I think so. Being "not false" isn't enough. An honest advertisement is one that puts forth the positives of the product. It doesn't need to necessarily indicate the limitations of the product, but it should not give people the even the impression of meeting needs that it doesn't.

...an attempt to gain a value by deceiving the mind of ohers is an act of raising your victims to a position higher than reality, where you become a pawn of their blindness, a slave of their non-thinking....their rationality, their perceptiveness becomes the enemies you have to dread and flee...

Downplaying or spinning negatives is dishonest and makes you subject to the ignorance, stupidity, or irrationality of others.

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Marketing is an issue i have had difficulty accepting as well. For those who defend it, I'd be curious to hear what you think regarding the very obvious difference between the pictures and videos of BigMacs or Whoppers and the actuality. These sorts of techniques strike me as both dishonest and effective, so I would like to know how to resolve it.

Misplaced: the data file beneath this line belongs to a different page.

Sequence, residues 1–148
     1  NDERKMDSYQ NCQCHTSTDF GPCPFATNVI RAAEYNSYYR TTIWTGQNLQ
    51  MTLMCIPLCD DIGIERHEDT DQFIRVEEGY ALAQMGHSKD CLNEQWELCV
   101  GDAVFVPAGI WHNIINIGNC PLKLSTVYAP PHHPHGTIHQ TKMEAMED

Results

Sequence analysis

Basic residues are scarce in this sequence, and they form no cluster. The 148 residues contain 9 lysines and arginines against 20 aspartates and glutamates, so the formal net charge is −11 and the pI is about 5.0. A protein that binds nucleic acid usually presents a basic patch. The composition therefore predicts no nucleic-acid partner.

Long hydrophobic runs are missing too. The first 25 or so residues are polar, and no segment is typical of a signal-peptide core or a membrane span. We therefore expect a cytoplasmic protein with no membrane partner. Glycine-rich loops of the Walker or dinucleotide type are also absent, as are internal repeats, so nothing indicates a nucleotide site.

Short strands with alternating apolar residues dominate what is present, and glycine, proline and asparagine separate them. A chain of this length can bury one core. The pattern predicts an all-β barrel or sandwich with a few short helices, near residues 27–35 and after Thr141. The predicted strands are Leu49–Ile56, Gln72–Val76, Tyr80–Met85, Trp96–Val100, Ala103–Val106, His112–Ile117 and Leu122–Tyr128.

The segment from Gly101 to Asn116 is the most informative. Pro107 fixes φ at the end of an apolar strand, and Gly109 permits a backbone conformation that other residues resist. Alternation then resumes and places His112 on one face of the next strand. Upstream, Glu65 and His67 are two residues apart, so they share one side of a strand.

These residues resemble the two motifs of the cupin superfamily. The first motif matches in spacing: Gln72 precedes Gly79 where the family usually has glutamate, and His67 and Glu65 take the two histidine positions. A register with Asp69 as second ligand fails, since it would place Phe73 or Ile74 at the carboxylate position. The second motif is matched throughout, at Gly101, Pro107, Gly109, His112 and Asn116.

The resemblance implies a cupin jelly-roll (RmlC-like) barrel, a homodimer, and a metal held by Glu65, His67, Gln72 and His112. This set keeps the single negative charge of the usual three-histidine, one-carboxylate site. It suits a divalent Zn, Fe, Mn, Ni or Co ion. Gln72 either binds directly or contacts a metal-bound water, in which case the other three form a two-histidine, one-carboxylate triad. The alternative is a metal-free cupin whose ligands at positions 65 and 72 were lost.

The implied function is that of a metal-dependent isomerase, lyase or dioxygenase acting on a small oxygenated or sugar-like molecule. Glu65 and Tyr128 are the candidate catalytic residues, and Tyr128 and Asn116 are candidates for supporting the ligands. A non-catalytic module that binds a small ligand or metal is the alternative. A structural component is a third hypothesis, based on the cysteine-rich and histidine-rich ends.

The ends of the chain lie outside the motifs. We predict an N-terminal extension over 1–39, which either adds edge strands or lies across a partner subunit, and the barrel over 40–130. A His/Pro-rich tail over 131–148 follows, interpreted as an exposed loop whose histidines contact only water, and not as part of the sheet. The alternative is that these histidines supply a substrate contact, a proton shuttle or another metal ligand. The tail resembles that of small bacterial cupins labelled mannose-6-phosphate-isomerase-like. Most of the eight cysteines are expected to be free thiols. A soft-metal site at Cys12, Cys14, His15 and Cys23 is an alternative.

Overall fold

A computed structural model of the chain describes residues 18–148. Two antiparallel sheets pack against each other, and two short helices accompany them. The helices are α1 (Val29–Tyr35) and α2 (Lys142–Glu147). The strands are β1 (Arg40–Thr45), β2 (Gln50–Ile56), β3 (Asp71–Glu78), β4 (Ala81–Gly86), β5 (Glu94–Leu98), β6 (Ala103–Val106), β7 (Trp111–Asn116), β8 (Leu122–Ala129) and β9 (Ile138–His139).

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Tangential, rhetorical question: Is an intent to mislead the same as lying?

I think so. Being "not false" isn't enough. An honest advertisement is one that puts forth the positives of the product. It doesn't need to necessarily indicate the limitations of the product, but it should not give people the even the impression of meeting needs that it doesn't.